Hold Fast to Jesus

My husband Jim and I went kayaking last month on Lake Superior with a group led by our daughter Erin. (Not every post will begin with a story from that vacation, I promise) Being a good guide, she gave us a safety briefing before we began. Part of her briefing included the need to stay together. The first morning we went out there was an unusually heavy fog, which posed a higher risk of getting lost or running into danger if we didn’t pay attention and keep close to one another. Erin carries a whistle, and she explained that if we heard one toot it meant “Hey, I’m trying to get your attention, and you’re probably too far away,” two toots meant “Hold your position,” and 3 toots meant “Danger—there’s an emergency—paddle hard and get back together as quickly as possible.”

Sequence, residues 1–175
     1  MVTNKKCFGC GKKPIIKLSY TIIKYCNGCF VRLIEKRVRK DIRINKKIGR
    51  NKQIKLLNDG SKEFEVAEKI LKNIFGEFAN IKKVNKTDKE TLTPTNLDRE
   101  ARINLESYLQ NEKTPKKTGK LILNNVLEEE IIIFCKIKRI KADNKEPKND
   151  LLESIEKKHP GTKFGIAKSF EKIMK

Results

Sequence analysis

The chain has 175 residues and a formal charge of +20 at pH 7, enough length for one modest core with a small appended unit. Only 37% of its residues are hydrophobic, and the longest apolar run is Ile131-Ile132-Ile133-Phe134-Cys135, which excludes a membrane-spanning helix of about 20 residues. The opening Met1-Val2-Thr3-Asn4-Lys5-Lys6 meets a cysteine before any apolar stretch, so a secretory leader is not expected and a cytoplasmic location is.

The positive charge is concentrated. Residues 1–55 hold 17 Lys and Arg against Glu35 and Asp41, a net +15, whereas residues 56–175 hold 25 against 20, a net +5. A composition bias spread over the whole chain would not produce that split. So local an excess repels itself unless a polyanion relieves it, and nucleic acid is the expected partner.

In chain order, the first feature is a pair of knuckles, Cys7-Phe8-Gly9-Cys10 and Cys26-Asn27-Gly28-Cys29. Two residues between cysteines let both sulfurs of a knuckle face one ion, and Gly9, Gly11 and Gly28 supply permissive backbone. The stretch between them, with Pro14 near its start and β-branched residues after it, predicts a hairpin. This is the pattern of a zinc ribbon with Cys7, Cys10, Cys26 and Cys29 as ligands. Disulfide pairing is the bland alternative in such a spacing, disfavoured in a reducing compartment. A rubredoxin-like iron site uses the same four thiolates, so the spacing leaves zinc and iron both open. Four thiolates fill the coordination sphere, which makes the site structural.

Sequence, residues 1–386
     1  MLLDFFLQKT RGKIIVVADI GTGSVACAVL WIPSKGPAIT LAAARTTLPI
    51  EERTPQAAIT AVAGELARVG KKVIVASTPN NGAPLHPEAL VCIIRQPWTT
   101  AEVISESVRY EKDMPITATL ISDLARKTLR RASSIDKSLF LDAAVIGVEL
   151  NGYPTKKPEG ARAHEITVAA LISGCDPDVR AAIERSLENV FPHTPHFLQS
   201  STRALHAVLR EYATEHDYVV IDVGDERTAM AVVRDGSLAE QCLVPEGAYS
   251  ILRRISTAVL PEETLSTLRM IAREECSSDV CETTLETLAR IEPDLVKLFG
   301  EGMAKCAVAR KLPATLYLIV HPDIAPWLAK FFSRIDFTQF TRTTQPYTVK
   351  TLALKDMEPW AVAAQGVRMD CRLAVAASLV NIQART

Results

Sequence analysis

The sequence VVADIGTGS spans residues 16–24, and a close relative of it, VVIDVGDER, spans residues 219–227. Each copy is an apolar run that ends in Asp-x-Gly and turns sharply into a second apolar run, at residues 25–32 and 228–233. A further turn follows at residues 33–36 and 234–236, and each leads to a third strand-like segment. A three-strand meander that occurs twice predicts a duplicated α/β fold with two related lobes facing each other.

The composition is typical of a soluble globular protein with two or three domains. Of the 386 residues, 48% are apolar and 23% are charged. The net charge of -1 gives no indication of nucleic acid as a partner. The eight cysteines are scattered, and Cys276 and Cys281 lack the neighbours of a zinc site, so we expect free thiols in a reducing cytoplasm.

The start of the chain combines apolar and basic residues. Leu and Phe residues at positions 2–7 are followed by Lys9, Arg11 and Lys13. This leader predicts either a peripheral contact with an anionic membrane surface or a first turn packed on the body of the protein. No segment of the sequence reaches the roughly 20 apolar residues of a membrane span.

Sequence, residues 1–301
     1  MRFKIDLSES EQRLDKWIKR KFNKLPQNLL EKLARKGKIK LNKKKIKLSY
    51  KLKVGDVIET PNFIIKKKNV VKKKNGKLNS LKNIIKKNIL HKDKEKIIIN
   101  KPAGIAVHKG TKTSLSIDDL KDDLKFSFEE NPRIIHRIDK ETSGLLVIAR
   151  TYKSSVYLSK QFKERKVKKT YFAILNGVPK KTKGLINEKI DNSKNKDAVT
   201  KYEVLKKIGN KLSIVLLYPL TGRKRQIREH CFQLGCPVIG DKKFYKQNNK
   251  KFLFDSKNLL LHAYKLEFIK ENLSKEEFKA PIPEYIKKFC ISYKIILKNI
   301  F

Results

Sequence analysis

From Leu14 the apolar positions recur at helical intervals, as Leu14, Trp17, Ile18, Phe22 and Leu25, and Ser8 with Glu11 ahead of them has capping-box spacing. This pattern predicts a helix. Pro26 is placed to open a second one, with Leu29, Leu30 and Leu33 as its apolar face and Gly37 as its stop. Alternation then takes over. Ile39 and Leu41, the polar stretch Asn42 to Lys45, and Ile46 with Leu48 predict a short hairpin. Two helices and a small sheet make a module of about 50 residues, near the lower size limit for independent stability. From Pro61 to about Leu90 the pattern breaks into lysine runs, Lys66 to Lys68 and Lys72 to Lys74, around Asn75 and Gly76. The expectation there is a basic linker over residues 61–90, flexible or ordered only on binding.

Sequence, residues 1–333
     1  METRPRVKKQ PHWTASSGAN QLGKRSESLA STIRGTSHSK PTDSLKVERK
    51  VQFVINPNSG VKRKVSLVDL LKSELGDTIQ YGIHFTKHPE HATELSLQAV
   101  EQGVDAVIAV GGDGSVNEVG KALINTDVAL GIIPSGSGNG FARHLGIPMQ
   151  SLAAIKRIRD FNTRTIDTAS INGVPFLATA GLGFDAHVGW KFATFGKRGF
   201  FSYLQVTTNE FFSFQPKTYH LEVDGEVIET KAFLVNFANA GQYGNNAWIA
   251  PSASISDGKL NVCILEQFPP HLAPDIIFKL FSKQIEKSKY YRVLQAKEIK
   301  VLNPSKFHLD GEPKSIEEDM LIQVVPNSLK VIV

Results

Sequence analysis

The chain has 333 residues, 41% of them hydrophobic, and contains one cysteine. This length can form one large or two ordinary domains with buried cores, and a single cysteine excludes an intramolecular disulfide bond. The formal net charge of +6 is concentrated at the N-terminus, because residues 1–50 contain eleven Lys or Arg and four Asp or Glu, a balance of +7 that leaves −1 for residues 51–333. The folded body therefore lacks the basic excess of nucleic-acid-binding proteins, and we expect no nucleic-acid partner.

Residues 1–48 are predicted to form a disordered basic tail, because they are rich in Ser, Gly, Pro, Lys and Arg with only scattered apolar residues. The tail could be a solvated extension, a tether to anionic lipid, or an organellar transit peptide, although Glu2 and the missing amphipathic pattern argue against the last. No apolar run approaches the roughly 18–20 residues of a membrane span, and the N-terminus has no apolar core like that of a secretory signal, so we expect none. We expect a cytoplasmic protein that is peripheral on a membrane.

Chapter two of Hebrews begins with a safety briefing for our souls. This is the first of several warnings against apostasy in the book of Hebrews. The author is blowing his whistle to get our attention, warning us of a very real danger to which we are all liable: drifting away from the gospel truth of our great salvation by either lack of attention or neglect. He underscores his warning by harking back to the superiority of Christ which he so carefully set before us in the first chapter (that’s what the therefore is there for). For the superiority of our Lord Jesus Christ means that the salvation he accomplished at the cross and freely offers as a gift of grace is far greater than the salvation offered through the Law of Moses (the message declared by angels, Deut. 33:2; Acts 7:53). If this salvation is so much greater than the other, in which every transgression was justly punished, then the consequences of neglecting it are correspondingly higher. Continue reading “Hold Fast to Jesus”